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The Celluloid Closet (4K UHD Blu-ray Review)

In the 1990s, independent films were on the rise and studios like Miramax were at the forefront of distribution. Many studios created a separate wing to focus on and gather the independent, documentary, art house and international films under a single banner away from the blockbusters and bigger star studded fare. Sony Pictures developed Sony Pictures Classics for this very reason in 1992. And for the 30th Anniversary of the studio’s formation, they will be putting out a 4K Ultra-HD box set with 11 films from the course of their history, including 10 that are making their debut on the format. This review will be covering the groundbreaking 1995 documentary The Celluloid Closet, which documented the treatment of the LGBTQ+ community in film and television history. You can order yourself a copy of this impressive box set, which would make a fantastic gift for that special cinephile in your life, using the paid Amazon Associates link below.

Film

This documentary highlights the historical contexts that gays, lesbians, bisexuals and transgenders have occupied in cinema history, and shows the evolution of the entertainment industry’s role in shaping perceptions of LGBT figures. The issues addressed include secrecy — which initially defined homosexuality — as well as the demonization of the homosexual community with the advent of AIDS, and finally the shift toward acceptance and positivity in the modern era.

It may be almost 30 years old, but The Celluloid Closet still serves purpose as a necessary educational tool on the input, impact and history of the gay community in cinema. Probably not as shocking or eye opening as it was upon release, it still reveals an untold history in the film industry that many today likely aren’t aware of. Presented by familiar big name faces with connections to roles, people or events in the timeline to share their stories, this documentary really shines an honest light where one wasn’t once being shown before.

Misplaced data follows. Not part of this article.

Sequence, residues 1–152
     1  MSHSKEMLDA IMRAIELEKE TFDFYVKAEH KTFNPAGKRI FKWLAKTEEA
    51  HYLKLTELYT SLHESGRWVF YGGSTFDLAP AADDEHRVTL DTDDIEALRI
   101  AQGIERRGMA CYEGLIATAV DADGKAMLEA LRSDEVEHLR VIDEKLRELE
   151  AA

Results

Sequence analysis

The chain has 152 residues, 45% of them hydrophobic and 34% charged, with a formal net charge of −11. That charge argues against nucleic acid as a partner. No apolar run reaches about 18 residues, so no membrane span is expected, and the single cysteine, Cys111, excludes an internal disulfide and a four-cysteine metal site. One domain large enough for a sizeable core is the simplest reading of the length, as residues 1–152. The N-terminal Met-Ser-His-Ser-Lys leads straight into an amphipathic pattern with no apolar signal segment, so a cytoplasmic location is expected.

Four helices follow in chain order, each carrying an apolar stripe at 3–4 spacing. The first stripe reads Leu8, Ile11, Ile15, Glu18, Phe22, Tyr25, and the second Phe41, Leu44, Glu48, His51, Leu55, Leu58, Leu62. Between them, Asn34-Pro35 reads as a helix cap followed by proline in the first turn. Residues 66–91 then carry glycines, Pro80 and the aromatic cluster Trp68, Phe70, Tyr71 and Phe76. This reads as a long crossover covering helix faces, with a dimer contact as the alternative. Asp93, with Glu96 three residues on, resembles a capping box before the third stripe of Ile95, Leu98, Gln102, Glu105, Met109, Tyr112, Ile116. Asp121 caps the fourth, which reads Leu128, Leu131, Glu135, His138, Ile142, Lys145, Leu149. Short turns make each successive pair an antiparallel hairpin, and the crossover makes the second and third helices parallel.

They’ve lined up some big name starts for this like Tom Hanks, Whoopi Goldberg, Susan Sarandon and others to sort of sell the “These people you like say this is ok, so you should too” idea, but they all are attached to projects and a history of activism to promote the gay community in film in a positive light. What is nifty about the film, is its still quite blunt and honest as it would’ve been today. There’s a part where people praise Philadelphia, but others mention “They support the sad movie about the gay hero who dies, but would they care as much about the gay hero that lives?”.

There could probably be an addendum or update to The Celluloid Closet with more revealed or the 27 years since the film came out, but its a testament to the strength of this documentary that we don’t truly need it that much. This film certainly enlightens, but also shows the ostracism they’ve had to go through with the industry and society. This film will shine a light on things you may have never realized or seen in certain films before and give you an idea of how things should be and why we still to this day are falling short in terms of a true LGBTQ+ representation and celebration in mainstream film.

Video

Disclaimer: Screen captures used in the review are not from the 4K UHD Blu-ray disc and do not represent its image quality. They are also not of my own capturing. If you feel they are yours and you do not condone their usage, please contact the site and we will have them removed.